Key Questions: Are We Staring at a Stagflationary Crisis?
The Key Wealth Institute is a team of highly experienced professionals from across wealth management, dedicated to delivering commentary and financial advice. From strategies to manage your wealth to the latest political and industry news, the Key Wealth Institute provides proactive insights to help grow your wealth.
Inflation… yes. Stagflation… no.
Patrick Higgins is an economist at the Federal Reserve Bank of Atlanta who, like many others, feels that the broadest indicator used to measure our economy is flawed. His rationale: GDP (more specifically, the growth rate of inflation-adjusted Gross Domestic Product) takes too long to compile to be relevant.
As evidence, while the Bureau of Economic Analysis (BEA) will release an “advance estimate” of third-quarter GDP this week, roughly thirty days after the quarter ended, it will release a “second estimate” in late November and a “third estimate” just before Christmas. Note that the BEA still uses the term “estimate” three months after the measurement period ends. In other words, economists are estimating the state of the economy for a long time.
To address this, Higgins developed a methodology to measure economic activity more quickly and, in so doing, he created a “GDPNowcast1.” Not to be confused with an official forecast, the “nowcast” is a mathematical model composed of a series of faster-moving economic statistics and various assumptions designed to provide an estimate of GDP for the current quarter. Measured against a longer period such as a calendar year, the GDPNowcast is akin to forecasting (or nowcasting) the weather over a few hours.
Last week, Higgins’ model showed that third-quarter GDP in 2021 grew a measly 0.5%, a significant slowdown from the official “third estimate” of the second quarter, which declared that the economy expanded by 6.7%, approximately three times its long-term average. At the same time, other reports, along with everyone’s personal experiences, has revealed that prices on nearly everything from computer chips to potato chips are rising faster than expected.
This combination – slower growth and higher inflation – have spurred cries of “stagflation,” a pernicious environment in which sluggish economic growth is overpowered by inflation, resulting in little economic progress. The decade of the 1970s was the last extended period of stagflation, and the history is worth summarizing.
Following the 1973 oil crisis, oil prices surged over 200% in early 1974. GDP contracted, inflation spiked, and both stock and bond prices fell. Inflationary pressures eased in 1975-76 but then rose again and remained elevated until 1982. At that time, the Federal Reserve aggressively raised interest rates, which further depressed bond prices and limited equity market gains.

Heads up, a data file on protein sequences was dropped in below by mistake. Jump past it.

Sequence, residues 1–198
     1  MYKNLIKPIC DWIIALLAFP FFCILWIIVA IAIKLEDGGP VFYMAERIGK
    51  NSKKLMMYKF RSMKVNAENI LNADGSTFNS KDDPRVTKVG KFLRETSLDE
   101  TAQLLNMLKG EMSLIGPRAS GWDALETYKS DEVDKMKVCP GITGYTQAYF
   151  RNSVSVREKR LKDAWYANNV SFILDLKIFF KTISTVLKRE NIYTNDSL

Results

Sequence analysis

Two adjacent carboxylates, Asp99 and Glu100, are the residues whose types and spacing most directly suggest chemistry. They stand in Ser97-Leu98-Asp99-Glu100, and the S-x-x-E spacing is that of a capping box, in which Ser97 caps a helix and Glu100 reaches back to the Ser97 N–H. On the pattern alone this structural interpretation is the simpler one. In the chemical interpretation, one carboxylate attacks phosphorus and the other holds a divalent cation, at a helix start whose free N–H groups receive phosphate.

Around this time, another economist wanted to synthesize this situation and make it relatable to the average person. To accomplish this, assuming that higher unemployment and worsening inflation creates financial hardship for most individuals, Arthur Okun, former chairman of the Council of Economic Advisers, combined the unemployment rate and the annual inflation rate to form the “Misery Index,” a measure still used widely today.
May 1980 marked the high-water mark of the Misery Index at 21.9% (inflation: 14.4% + unemployment: 7.5%), and it would take several years before it fell below its long-term average of around 10%. Three decades later, in the aftermath of the Global Financial Crisis in 2011, the Misery Index spiked to 12.8% (inflation: 3.8% + unemployment: 9.0%) but fell to 10% a relatively short time later.
Earlier this summer, the Misery Index again crested above 10% as inflation jumped above 5% and unemployment hovered above 5% (but down considerably from March 2020 levels).
This understandably raises some concerns: Misery may love company, but it’s not a prescription for long-term economic prosperity. It’s an indication that stagflationary pressures may be building.
In our view, while such concerns are valid, we believe inflationary pressures will eventually ease. Although they may persist for longer than desired, perhaps well into next year, much of the inflationary situation is a result of the lingering effects of the pandemic. To recall, demand fell sharply in the first half of 2020. Businesses responded accordingly, and supply was reduced. Later, once demand returned, inventories needed to be restocked. Moreover, inventory shortages were exacerbated by challenges in the global supply chain and several exogenous factors, namely adverse weather conditions experienced throughout the world.
Adverse weather and a harsher than expected winter, in particular, could further compound these challenges, providing further support for those who fear stagflation. But this, too, should prove temporary. Also, as the labor market continues its recovery, the unemployment rate should fall further as well.
As a result, we continue to recommend a modest overweight to risk assets and prefer high-quality, cyclically oriented assets (those that benefit from economic growth) versus defensive sectors (those that tend to outperform during economic contractions). In conclusion, while certain economists may enjoy assessing misery, investors are typically awarded for maintaining their long-term optimism. And while transitory inflation is proving to be more pervasive and longer-lasting than once forecasted, this too will inevitably pass.
For more information, please contact your advisor.